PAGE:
There is a strong undercurrent against Alauddin Khilji and several other muslim kings who had invaded Rajputana and India. Stories of Rajput women sacrificing their lives by jumping into fire, rather than submitting to victorious muslim army, is a matter of great pride and part of folk tales, It is, thus, very difficult to reason with protestors that even if a dream sequence exists in the movie, it is the dream of Alauddin Khilji and not of Rani Padmavati. One cannot control what Alauddin Khilji is thinking. A man who can march an army to conquer wife of a neighbouring king, can he not have a lurid fantacy? But this cannot be held again Rani Padmavati. Because she had no soft corner for the Khilji king.

As the debate around Padmavati intensified, some scholars claimed that Padmavati never existed.  How could a princess from Ceylon become queen of Chittor in Rajputana? Some doubted occurrence of Jauhar. Some even suggested Padmavati was a loser, who chose death over life? According to scholars, historians who accompanied Alauddin Khilji in his conquest, never talked of Padmavati. It can be argued that, history is written by victors and not by the vanquished. Indian history has traditionally been spread word of mouth by bards. Over a period of time, exaggeration might have crept in, but actual occurrences probably remained undisputed. Thus story of Rani Padmavati is part of hindu folklore.  Jauhar kund exists in Chittorgarh fort. Historians report of three jauhars that happened in Chittorgarh, after Sultan Alauddin Khilji of Delhi, Sultan Bahadur Shah of Gujarat and Emperor Akbar of Delhi. In the middle of all this, I want to see Ranveer Singh as Allauddin Khilji.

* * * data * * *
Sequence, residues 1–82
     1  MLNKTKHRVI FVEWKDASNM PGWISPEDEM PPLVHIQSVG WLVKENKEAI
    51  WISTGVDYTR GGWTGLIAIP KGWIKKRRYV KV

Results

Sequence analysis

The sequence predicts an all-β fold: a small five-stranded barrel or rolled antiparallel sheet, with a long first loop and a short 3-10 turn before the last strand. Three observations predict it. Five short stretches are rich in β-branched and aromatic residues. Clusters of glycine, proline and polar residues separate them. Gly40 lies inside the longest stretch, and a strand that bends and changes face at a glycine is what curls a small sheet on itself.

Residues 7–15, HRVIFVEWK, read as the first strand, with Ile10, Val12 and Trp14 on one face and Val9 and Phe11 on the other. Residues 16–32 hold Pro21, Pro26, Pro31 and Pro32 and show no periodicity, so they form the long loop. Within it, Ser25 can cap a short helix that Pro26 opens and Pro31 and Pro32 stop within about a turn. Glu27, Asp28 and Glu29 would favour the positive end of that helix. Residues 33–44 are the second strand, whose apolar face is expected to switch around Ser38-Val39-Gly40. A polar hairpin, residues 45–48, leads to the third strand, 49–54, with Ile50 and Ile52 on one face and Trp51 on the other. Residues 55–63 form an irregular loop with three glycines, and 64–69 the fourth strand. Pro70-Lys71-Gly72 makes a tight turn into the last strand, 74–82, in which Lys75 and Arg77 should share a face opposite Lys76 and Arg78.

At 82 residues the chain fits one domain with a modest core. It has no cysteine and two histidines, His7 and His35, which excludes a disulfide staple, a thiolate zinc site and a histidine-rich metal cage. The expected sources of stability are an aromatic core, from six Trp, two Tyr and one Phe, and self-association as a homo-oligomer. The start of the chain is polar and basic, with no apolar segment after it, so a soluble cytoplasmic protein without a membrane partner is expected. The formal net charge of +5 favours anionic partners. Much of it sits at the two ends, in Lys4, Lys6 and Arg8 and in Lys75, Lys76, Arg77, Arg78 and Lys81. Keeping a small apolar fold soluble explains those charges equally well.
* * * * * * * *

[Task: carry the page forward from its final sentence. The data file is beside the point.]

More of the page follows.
People have tried to potray Alauddin Khilji as a benevolent general, who  administered his kingdom well, expanded  it, and protected it by keeping invading mughals at bay. Others think of Alauddin Khilji as a ruthless person who killed his own father in law, coveted a neighbouring king’s wife and generally cruel against vast population of hindu subjects.  By the way, Alauddin Khilji was not a devout muslim by his own standard. He had a lover in Malik Kafur, his trusted general. Practice of homo-sexuality is a heresy for devout muslims even today.

Without condoning Alauddin Khilji and muslim invaders after him for their cruelty against majority hindu natives, is it fair to judge the man of 1306  by todays standard of 2017? Both Alauddin and Rani Padmavati were products of their time. Their morality, their value system, their concept of honour, and their outlook to life were totally different. We may not like them, but we cannot change them. That is history. We can make better history by letting others watch Padmvati. I am dieing to watch Ranveer Singh as Alauddin Khilji. I loved the way he portrayed Peshwa Bajirao. Let us hope good sense prevails.